This is my Swarf, half scarf half cowl. It’s an interesting Cecelia Compochiaro design included in Modern Daily Knitters Field Guide#19. A lot of knitters–possibly recalling the “dickies” of yesteryear–have enjoyed the knitting and the wearing of Swarf. Swarf is sort of a dickie on steroids.
Swarf was my first formal venture into marling, the technique where a knitter combines two strands of different colors that evolve in sequence as the garment evolves.
That’s ribbing on Swarf’s back including where it looks like a mixture of Kraft Spaghettios and Kraft Macaroni. Compochiaro gives lots of hints about how to decide what colors will look good marled together. I guess I fell asleep during that part. That dark gray and yellow wasn’t helping out the overall look either.
I was disappointed. My beautiful Camp Colors Fingering Weight yarn set had turned into a mess. More of a Scowl (half scarf half cowl) than a Swarf.
Except for the Spagettios section, it didn’t look too bad worn. But the wearing of Swarf was a pain. I had a lot of trouble getting the back to lay flat and unruffled and to stay that way. I’m sure the rounding of my upper back wasn’t helping. It also moved around some in the front. And anyway, I was mourning for my beautiful yarn and those deep saturated colors.
Time to frog. Even though the yarn spent only a few days in my Swarf, it was tightly kinked. I was defeated by the thought of soaking the yarn to relax the kinks and daunted by the thought of drying it. Ernestine, one of my guildmates, suggested that I wind the yarn onto my swift, tie it in a few places, and steam it. That turned out to be an excellent idea. It didn’t release every stinkin’ kink, mostly because I was concerned that too much steam might damage the yarn. But the technique worked really well. I could watch the yarn relax as I steamed.
My yarn was ready for its second chance. Samantha West’s excellent freebie, Diagonal Lines Hat, looked like a good candidate.
Pretty nifty. And a fun knit. The diagonal lines section is easy peasy stranded work, with no long floats to catch. The only modification I made was in the ribbing section. I separated the ribbed stripes by one round of all knitted stitches. That eliminated those half-one-color-half-the -other purl stitches and kept the stripes crisply defined.
Nicely behaved crown decreases. No pointy hat syndrome.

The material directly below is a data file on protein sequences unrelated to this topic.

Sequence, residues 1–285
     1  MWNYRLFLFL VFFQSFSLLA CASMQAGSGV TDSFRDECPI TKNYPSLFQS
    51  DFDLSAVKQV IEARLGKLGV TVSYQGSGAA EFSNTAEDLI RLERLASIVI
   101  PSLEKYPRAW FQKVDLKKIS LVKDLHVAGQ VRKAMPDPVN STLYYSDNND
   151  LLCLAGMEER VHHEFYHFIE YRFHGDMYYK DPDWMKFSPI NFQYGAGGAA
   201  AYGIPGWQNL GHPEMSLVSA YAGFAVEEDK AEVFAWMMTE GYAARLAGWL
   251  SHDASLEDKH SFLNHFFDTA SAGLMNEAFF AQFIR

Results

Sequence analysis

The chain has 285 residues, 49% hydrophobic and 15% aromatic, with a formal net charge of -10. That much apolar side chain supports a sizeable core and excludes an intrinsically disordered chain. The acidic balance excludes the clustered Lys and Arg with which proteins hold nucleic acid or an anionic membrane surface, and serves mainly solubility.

While knitting Diagonal Lines, I discovered that the almost-black dark gray was bleeding like crazy. It dyed my stitch markers and my white Bryspun needles. And my hands and fingers, of course. Unfortunate. I decided to steam the hat rather than do a wet block. Dollars to donuts the dark dye will bleed all over the other colors at the first washing. “Color Catcher” will hopefully come to the rescue.
I’ll need to not give this hat to Steve. Sweating might make it look like he’s tattooed a skullcap on his bald head. With that, I decided that my 50 grams of black (yet unused) and the remaining dark gray would be relegated to my stash for sewing facial feature on stuffies.
The remaining colors, light gray, medium gray, yellow, and burnt orange, were still looking to claim their second chance.
Next up is another Samantha West freebie: A Little Alien Hat.
Steve is my test for whether non-knitters will be able to make out a knitted motif. He earned that role after I asked him whether he could see what picture was knitted (at a very tight gauge) into a hat. He looked and said he saw skeletons dancing on gravestones. It was actually a castle with pennants flying from turrets. Steve looked at my completed hat and quickly said it was the Roswell Alien.
I added stripes to the ribbing and changed colors about an inch before the crown decreases started just because, well, because I had lots of colors. I planned to knit the aliens in yellow rather than burnt orange but there wasn’t enough contrast between the yellow and the gray to make the motif pop. I added one extra round of salt ‘n pepper bands to frame the alien section. I also shortened the hat to eliminate the folded ribbing, starting the crown decreases 6.5 inches from the cast-on edge (as in Diagonal Lines).
West uses the same crown decreases here as in Diagonal Lines.
I had smallish amounts of yellow and orange left in my Camp Colors’ stash and the medium gray. I’ve knit Melinda Vermeer’s Bayfront Cap nine times before and thought it would be a good choice for the yarn.
Bayfront didn’t disappoint. At first it just looks like an interesting take on a ribbed hat, with 3 by 3 ribbing that widens out to 3 by 9 in the body of the hat. Then you get to the crown decrease section.
Gulp. Every time I knit this very organic-looking crown I’m reminded again about how much I love to knit hats.